Set in the near future, Beyond Blue is a chance to discover the mysteries of the world’s oceans through the eyes of Mirai, a deep-sea explorer and scientist. Across eight different dives you’ll use cutting edge technology to track sea creatures, unravel oceanographic mysteries, and interact with our planet’s beating blue heart like never before.
Developer E-Line Media partnered with BBC Studios (creators of the Blue Planet documentaries) and world-leading oceanologists to craft this evocative adventure in the same inclusive process behind Never Alone, the studio’s previous BAFTA award-winning game about Alaska Native culture. Get your flippers on via Steam here.
Journey – June 11
First released exclusively on the PlayStation 3 in 2012, Journey proved that the indie renaissance didn’t need to be solely a PC phenomenon (just mainly a PC phenomenon). It finally came to our towers on the Epic Games Store last year, and it gets its Steam release this month.
And it’s superb. Its particular blend of minimal yet expressive controls, stylised cartoon protagonists, seamless multiplayer, teasing lore, and utterly glorious aesthetics have been imitated many times since but seldom if ever bettered. A sublime, graceful experience that tugs at your heartstrings without ever seeming forced, Journey is our medium at its best. If you haven’t played it, you’re in for a real treat – take your first steps on Steam here.
Main Assembly – June 11
Whether you want to get your kids into engineering, programming, physics or other similarly essential and valuable careers or simply want to fiddle with adorable robots, this is the game for you. Main Assembly features advanced physics – up to and including aerodynamics – and a freeform crafting tool with which you can build machines that take a bewildering range of forms, from simple gliders, planes, cars, and bikes to eight-legged robo-scorpions, and then program their controls or even automate their behaviour using a visual programming language.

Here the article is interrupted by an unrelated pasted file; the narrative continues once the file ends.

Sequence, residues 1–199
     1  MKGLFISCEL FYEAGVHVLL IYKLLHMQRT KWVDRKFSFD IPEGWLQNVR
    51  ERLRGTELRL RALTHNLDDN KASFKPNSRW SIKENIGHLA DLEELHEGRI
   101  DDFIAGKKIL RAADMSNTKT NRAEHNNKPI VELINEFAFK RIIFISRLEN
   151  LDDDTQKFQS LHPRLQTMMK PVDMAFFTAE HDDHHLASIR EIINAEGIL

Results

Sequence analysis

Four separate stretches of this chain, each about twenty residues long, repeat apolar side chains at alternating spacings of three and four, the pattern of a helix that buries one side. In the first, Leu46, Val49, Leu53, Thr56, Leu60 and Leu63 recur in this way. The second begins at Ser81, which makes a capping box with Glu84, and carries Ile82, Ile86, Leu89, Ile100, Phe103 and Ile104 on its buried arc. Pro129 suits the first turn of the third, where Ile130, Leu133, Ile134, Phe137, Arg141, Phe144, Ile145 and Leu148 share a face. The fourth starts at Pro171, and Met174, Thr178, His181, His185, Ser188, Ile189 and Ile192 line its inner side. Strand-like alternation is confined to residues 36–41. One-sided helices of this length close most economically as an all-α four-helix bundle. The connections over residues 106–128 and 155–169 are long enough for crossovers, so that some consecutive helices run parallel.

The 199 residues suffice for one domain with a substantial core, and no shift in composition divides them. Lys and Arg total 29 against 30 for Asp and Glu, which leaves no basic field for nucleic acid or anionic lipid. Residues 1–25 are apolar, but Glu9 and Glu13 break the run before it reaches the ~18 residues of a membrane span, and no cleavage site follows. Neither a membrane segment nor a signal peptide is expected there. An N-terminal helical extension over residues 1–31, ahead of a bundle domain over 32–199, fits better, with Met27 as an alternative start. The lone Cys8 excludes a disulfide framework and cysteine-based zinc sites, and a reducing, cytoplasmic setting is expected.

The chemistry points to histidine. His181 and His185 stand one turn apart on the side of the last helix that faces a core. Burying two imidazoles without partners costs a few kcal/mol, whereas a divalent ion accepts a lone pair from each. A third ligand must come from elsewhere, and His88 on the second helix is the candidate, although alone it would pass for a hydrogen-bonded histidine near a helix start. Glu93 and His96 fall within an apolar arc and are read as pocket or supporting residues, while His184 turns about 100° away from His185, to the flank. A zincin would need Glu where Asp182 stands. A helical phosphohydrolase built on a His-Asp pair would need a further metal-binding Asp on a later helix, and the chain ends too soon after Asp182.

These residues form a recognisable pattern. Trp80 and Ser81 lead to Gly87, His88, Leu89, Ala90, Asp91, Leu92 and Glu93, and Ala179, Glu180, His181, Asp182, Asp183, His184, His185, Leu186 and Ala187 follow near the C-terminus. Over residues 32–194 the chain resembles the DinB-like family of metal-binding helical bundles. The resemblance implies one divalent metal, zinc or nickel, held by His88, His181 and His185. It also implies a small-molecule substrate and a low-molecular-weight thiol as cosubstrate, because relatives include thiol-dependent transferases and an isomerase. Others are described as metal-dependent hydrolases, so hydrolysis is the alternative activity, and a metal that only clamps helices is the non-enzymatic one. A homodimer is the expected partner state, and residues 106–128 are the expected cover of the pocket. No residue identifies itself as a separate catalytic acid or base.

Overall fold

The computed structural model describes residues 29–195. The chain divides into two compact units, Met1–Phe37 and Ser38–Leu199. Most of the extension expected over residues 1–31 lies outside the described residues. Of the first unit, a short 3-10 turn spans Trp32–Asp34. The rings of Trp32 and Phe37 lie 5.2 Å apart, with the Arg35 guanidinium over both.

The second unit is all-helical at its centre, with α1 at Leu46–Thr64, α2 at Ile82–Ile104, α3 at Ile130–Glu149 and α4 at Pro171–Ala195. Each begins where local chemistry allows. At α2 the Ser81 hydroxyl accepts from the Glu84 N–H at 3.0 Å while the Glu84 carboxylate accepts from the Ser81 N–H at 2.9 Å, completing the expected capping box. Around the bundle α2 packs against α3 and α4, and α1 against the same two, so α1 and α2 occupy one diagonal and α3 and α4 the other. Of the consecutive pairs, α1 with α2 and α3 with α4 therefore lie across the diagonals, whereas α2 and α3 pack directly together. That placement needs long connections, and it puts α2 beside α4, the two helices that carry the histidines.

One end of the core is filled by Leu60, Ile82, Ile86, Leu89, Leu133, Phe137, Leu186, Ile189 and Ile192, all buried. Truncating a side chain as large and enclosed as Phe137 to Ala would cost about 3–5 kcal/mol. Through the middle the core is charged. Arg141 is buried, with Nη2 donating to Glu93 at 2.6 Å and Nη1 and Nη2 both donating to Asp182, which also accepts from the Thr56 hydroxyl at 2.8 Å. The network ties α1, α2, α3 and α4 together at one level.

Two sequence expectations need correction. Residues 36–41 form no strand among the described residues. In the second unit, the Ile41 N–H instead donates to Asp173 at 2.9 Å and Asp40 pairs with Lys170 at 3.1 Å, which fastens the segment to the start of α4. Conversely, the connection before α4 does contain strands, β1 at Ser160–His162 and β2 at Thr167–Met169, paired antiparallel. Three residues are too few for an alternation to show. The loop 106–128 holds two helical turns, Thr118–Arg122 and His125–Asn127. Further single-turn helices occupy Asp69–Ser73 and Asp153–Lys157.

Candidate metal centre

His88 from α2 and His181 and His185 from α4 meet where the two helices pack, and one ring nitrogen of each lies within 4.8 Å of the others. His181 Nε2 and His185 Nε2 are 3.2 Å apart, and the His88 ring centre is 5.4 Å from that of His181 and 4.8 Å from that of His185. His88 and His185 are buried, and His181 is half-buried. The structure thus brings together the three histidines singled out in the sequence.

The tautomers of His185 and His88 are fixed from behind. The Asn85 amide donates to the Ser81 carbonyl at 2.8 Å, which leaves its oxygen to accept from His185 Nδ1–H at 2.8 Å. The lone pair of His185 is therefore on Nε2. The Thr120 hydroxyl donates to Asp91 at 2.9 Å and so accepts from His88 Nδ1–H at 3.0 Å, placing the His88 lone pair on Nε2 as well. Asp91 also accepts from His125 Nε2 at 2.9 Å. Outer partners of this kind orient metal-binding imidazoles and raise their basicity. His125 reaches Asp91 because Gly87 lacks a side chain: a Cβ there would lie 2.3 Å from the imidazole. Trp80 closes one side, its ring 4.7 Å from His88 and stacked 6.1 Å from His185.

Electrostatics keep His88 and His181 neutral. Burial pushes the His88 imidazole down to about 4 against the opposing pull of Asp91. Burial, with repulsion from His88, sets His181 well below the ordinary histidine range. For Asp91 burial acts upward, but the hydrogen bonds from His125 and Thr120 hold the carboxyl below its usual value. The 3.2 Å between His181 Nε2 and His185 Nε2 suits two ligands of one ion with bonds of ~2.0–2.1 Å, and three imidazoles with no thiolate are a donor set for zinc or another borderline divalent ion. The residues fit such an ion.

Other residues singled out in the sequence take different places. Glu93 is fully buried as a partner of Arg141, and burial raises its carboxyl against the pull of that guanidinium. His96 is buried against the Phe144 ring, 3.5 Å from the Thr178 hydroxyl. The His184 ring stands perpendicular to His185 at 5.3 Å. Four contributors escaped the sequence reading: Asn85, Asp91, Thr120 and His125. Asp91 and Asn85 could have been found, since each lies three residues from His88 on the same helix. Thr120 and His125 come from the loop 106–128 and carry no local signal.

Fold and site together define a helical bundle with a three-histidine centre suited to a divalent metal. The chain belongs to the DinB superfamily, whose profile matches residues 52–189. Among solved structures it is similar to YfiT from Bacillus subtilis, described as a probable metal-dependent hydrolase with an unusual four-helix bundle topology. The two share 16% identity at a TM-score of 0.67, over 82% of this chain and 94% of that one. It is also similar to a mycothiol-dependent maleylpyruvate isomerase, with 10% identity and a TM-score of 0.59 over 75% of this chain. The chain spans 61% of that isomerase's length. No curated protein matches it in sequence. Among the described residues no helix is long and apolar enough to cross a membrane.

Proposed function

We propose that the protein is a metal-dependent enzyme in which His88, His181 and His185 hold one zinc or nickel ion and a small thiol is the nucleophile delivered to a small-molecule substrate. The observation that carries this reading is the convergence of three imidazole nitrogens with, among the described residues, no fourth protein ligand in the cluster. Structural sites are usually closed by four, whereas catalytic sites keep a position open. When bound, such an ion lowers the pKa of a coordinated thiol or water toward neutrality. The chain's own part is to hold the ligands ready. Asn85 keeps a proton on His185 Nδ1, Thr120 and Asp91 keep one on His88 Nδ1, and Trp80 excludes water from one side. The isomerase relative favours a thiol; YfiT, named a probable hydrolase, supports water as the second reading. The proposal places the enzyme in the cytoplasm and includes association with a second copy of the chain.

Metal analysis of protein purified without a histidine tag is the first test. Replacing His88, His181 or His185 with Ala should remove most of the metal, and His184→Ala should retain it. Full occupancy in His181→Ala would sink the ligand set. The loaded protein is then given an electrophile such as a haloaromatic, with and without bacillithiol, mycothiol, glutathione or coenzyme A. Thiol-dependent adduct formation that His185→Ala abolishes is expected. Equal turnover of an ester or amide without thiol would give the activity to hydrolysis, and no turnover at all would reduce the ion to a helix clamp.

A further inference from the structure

You’re free to simply fiddle, but there are also a number of challenges and puzzles to overcome with your creations. This is an entertaining but also educational free-form construction/puzzle game that you won’t want to miss, launching in Early Access on June 11 – check out the Steam page here (or get a robot to do it).
Disintegration – June 16
Disintegration is a new sci-fi action game combining elements of first-person shooter and real-time strategy: with your gun-toting, floating Gravcycle you’ll not only fight directly, but survey the battle from above and give orders to your crew on the ground.